characteristics of the lining epithelium, that is, type I1
cell precursors (Fig. 3, Table l), include the shape of
the cells (low-columnar, sometimes approximately cuboid), the shape of the nuclei (large, approximately
round), and the presence of large glycogen fields in the
apical and basal parts of the cells.The apical cell surface
was covered with microvilli. As can be seen in Figure
4, the cytoplasm may contain a well-developed Golgi
apparatus surrounded by many small vesicles and some
larger vacuoles, both of light density. Multivesicular
bodies, dense bodies, and profiles of sometimes variably
distended smooth and rough endoplasmic reticulum were
also present. The apical and basal glycogen fields frequently displayed a homogeneous organization, but
sometimes compartments could be seen, apparently
formed by membrane systems in these fields (Fig. 5; cf.
Fig. 6). Some fields also showed a close relationship
with dense bodies, sometimes lying nearby or even inside them and frequently in apparently glycogen-free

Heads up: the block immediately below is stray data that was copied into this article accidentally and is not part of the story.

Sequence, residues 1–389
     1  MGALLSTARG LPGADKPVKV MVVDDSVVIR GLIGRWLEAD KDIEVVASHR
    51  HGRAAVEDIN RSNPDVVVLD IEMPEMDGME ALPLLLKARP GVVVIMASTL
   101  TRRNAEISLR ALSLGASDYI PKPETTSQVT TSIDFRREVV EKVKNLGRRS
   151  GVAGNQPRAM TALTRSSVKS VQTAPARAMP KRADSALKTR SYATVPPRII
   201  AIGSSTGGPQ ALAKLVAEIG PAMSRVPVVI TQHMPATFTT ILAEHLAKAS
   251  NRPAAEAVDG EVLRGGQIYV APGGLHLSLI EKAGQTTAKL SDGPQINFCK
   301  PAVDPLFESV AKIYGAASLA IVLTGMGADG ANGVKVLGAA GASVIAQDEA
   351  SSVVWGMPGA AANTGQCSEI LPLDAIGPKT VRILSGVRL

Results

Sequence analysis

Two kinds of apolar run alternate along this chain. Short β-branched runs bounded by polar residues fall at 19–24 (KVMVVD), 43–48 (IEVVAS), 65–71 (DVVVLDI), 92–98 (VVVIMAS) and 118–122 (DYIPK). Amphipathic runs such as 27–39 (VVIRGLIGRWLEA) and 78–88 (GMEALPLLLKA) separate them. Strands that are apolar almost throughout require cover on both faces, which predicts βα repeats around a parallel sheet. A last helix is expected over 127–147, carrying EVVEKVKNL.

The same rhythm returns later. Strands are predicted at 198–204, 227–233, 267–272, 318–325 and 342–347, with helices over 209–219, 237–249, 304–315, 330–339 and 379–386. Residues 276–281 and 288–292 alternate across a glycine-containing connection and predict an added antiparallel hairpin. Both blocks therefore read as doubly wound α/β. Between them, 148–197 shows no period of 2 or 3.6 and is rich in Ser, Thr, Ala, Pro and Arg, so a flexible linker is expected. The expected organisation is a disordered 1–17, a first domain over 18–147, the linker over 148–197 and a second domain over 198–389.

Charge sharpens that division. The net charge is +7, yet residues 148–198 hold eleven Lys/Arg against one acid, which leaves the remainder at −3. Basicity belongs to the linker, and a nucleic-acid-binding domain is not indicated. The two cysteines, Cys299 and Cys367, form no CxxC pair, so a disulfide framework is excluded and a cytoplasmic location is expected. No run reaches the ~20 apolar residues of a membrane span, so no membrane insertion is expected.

areas. The dense bodies varied in size as well as in
shape (round to oblong), and sometimes displayed a
membrane-bound, centric or paracentric core of light
density; they occurred alone or grouped in smaller or
larger clusters. Cells with these striking characteristics
were the only type lining the prospective pulmonary
On days 14.7 and 14.8 (embryonic weights 374 and
385 mg), the type I1 cell precursors lining the prospective pulmonary acini showed a picture more or less similar to that on days 14.2-14.4 (Table 1). The glycogen
fields now frequently showed compartmentalization by
distinct membranes forming loops in these areas (Fig.
6). Clefts seen along these membranes within the glycogen fields might be interpreted as indicating the presence of lumens but could also be due to artifacts.
Investigation of lungs of older embryos (15.0, 15.4,
15.9, 16.0, and 16.1 days old, weighing 409, 475, 560,
572, and 598 mg, respectively) yielded similar histological findings except that type I1 cell precursors lining
the prospective pulmonary acini had become approximately cuboid (Table 1).
Scanning electron microscopy (Fig. 7a,b) showed sharp
transitions from the approximately cuboid type I1 cell
precursors of the prospective respiratory portion to the